In the aftermath of the publicity over the massive corruption scandals roiling over Panama of late, and especially the Banco Universal intervention, Panamanians have asked whether their banks are safe. The country's financial regulator, the Superintendent of Banking, has publicly assured them that their money is safe, that the banks in Panama City are solvent, and that there is no danger. Unfortunately, this is not exactly true.
While most Panamanian financial institutions have substantial deposits, these issues pose a direct threat to the continued existence of a substantial number of them:
(1) Ownership: several Panamanian banks are either owned outright, or controlled, through large holdings of bank stock, by Panamanian families with direct ties to organized crime. Some of these groups benefitted substantially from the Financial Pacific/Petaquilla Mining insider trading scandal. Panamanians have blinders on when it comes to the issue of who owns their banks. Will there ultimately be criminal charges filed, either in Panama, or in the US or Canada, which could affect the banks these criminals own ?
(2) Dirty money:The acceptance of Colombian drug profits, Venezuelan bribe and kickback money, and funds whose ultimate recipients are designated terrorist groups, by many of the local banks, without question, or any AML/CFT compliance, puts those banks at risk for money laundering charges in the US.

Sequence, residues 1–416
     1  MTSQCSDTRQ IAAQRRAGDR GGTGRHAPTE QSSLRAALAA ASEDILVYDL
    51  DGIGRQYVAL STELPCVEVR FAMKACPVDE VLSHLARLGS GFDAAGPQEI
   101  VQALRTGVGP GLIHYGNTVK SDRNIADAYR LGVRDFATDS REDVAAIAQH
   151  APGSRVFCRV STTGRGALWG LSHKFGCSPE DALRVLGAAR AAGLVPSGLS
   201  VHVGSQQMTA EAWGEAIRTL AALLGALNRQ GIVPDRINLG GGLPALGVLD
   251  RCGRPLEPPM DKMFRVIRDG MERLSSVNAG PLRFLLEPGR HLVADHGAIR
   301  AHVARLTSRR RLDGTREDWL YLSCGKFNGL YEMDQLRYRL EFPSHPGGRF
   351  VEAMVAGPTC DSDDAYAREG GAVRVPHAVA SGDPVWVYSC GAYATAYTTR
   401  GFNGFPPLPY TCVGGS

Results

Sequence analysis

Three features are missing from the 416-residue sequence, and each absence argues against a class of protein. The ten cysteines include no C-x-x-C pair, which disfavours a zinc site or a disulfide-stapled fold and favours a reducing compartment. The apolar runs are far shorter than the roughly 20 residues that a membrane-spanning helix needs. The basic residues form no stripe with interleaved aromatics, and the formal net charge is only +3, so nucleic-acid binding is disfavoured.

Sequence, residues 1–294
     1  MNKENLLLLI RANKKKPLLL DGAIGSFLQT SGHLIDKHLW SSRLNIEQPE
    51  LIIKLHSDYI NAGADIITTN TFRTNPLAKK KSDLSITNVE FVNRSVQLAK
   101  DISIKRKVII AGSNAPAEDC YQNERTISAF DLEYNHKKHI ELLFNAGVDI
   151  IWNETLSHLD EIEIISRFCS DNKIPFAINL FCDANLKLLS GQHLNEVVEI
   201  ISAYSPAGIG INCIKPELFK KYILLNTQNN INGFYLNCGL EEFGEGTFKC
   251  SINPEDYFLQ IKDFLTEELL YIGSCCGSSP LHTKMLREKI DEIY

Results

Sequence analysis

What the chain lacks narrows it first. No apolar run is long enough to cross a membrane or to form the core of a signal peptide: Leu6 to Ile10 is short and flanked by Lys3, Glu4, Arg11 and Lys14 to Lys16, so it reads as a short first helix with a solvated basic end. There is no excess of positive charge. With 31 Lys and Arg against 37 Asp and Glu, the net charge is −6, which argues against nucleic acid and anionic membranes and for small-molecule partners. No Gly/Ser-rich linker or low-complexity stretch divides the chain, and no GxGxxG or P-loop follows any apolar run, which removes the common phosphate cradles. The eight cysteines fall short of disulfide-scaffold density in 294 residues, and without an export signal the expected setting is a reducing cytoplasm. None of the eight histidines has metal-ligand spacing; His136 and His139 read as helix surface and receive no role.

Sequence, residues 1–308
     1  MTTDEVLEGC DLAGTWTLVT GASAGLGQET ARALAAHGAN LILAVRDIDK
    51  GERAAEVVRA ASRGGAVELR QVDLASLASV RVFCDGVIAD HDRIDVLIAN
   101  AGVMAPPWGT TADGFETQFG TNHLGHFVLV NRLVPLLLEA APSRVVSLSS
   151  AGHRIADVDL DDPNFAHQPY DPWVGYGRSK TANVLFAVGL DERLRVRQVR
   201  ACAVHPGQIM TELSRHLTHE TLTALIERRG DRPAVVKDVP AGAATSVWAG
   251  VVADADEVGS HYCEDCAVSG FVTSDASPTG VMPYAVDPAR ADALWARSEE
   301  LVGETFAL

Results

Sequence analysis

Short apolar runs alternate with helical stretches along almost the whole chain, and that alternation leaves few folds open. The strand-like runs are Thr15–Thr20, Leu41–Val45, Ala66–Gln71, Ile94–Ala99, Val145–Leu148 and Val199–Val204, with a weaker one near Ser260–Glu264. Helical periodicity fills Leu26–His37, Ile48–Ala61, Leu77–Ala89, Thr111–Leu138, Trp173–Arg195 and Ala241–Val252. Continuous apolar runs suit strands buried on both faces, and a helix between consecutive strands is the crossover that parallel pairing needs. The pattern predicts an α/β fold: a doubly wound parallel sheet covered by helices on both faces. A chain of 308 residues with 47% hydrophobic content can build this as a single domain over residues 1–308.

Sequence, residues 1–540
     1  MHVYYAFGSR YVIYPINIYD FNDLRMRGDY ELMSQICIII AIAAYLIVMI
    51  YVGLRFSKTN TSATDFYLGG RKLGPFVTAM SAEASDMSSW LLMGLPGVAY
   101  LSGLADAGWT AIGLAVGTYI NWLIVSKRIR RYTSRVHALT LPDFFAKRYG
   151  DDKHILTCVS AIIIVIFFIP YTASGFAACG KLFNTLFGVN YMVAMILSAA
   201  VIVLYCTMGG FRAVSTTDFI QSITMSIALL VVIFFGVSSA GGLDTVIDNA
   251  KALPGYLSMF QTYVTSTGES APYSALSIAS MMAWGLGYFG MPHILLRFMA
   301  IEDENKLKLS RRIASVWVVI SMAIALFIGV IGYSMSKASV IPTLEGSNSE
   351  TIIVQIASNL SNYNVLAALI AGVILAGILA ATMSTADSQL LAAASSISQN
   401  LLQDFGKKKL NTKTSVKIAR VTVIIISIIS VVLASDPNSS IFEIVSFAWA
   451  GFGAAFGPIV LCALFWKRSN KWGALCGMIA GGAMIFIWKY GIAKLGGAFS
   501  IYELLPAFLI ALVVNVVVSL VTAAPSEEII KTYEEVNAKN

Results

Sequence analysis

Should US regulators, for any of the valid reasons listed above, choose to bar an Panamanian bank from access to the US financial system, due to rampant criminal conduct, rapid insolvency of such a bank would be assured. In that case, Panamanians with accounts there, could lose everything. Let's be frank; the ease by which Panama's banks have accepted illicit funds may end up causing their demise.
Therefore, the answer to the question is: if your bank has been accepting dirty money, or its owners benefitted in the Financial Pacific scandal, there may be untoward consequences that might ultimately result in the end of the bank's existence. For compliance officers, I offer this humble opinion; Country Risk for Panama has just climbed off the charts, especially given there are serious rumors of imminent American and Canadian indictments. Where there's smoke there's fire.